GOP earns House victory in Minnesota

GOP earns House victory in Minnesota
© Courtesy of Jim Hagedorn

For Republican Jim Hagedorn, the fourth time was the charm.

Hagedorn, a former Treasury Department official, defeated Democrat Dan Feehan in Minnesota's 1st District on Tuesday to replace outgoing Rep. Tim WalzTimothy (Tim) James WalzStates scramble to fill void left by federal shutdown Where does your governor stand on marijuana legalization? Dem governors draw contrasts with Trump MORE (D), securing a rare pickup for the Republicans in a cycle when they’ve been largely forced to defend their own vulnerable seats.

Hagedorn — whose father, Thomas Hagedorn, once represented Minnesota’s 2nd District in Congress — had run unsuccessfully for the House in 2010, 2014 and 2016. The latter two races were losses to Walz, the highest-ranking enlisted soldier in congressional history, who vacated the seat after six terms to run for governor.

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Feehan was among the host of Democratic military veterans running for Congress for the first time this year, having served two terms in Iraq and earning a Bronze Star in the process. Taking a page from Walz’s successful playbook, Feehan featured his military service on the campaign trail, hoping the message would resonate in a district that’s home to 40,000 veterans.

Yet Jim Hagedorn argued that Feehan was simply too liberal for the district, a largely rural area that stretches from South Dakota to Wisconsin along the state’s entire southern border. He pointed to Feehan’s positions on immigration, abortion and guns as being out of touch with district voters, vowing to stick with the hard-line conservative script championed by President TrumpDonald John TrumpTrump directed Cohen to lie to Congress about plans to build Trump Tower in Moscow during 2016 campaign: report DC train system losing 0k per day during government shutdown Senate Republicans eye rules change to speed Trump nominees MORE.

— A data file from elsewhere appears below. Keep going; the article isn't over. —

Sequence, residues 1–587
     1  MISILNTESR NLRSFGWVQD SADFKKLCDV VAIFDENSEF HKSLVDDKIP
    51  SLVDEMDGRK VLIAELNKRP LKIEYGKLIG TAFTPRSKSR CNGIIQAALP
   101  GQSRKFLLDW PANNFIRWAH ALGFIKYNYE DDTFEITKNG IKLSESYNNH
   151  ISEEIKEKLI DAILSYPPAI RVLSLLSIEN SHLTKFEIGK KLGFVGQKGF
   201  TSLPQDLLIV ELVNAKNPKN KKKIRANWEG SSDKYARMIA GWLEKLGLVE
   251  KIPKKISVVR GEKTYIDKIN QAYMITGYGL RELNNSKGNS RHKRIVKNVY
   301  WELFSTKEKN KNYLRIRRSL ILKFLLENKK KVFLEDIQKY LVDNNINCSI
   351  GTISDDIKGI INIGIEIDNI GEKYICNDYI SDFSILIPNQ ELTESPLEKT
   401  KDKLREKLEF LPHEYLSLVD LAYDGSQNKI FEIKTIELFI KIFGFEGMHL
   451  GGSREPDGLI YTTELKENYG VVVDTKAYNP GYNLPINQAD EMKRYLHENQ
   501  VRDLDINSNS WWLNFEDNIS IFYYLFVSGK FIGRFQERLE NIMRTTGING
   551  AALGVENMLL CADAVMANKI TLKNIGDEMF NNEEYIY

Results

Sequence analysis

Hagedorn had the wind at his back: Although former President Obama won the district in both 2008 and 2012, Trump reversed the trend in striking fashion two years ago, defeating Hillary ClintonHillary Diane Rodham ClintonDershowitz to The Atlantic: Do not violate Constitution to safeguard it Why Joe Biden (or any moderate) cannot be nominated GOP Rep. Tom Marino resigns from Congress MORE, the Democratic nominee, by a 15-point margin. Heading into Tuesday, the district was the only Democratic seat rated a “toss-up” by the Cook Political Report, a nonpartisan election handicapper.